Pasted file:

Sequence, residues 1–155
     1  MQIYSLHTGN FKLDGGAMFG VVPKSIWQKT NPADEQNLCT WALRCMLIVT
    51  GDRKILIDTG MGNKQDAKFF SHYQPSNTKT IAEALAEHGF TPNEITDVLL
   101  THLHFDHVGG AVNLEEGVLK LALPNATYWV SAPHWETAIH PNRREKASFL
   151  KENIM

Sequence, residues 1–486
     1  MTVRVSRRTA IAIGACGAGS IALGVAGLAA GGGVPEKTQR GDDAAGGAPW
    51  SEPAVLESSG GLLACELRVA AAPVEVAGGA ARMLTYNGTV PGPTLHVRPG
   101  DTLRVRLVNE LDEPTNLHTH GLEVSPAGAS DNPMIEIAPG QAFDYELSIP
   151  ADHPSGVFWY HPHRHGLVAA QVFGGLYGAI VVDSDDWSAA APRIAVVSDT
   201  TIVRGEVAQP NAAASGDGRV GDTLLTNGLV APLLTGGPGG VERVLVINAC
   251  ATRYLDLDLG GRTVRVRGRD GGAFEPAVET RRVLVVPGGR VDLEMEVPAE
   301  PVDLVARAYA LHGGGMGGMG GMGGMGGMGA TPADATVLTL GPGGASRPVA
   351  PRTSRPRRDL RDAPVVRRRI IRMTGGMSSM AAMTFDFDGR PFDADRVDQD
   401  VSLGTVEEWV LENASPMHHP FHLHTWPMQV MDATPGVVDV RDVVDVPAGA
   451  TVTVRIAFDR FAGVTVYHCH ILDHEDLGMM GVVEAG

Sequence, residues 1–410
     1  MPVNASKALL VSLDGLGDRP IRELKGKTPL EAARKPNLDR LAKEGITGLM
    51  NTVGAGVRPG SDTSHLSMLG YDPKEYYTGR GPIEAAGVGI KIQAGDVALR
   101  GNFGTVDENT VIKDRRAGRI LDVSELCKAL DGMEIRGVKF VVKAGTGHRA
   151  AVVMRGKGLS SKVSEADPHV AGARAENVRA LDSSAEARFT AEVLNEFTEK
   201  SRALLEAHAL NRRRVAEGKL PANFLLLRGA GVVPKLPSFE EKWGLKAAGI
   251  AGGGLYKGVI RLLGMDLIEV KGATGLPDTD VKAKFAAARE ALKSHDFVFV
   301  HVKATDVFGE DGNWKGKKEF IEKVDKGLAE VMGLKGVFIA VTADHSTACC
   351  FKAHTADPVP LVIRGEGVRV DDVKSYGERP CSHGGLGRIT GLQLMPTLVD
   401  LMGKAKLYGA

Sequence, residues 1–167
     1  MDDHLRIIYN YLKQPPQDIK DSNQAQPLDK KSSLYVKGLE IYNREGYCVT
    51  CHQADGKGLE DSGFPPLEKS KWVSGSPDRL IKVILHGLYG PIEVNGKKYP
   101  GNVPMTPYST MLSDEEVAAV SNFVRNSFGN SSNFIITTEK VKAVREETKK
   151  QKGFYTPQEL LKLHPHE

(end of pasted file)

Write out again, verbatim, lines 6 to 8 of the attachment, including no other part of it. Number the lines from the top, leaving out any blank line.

Sequence, residues 1–486
     1  MTVRVSRRTA IAIGACGAGS IALGVAGLAA GGGVPEKTQR GDDAAGGAPW
    51  SEPAVLESSG GLLACELRVA AAPVEVAGGA ARMLTYNGTV PGPTLHVRPG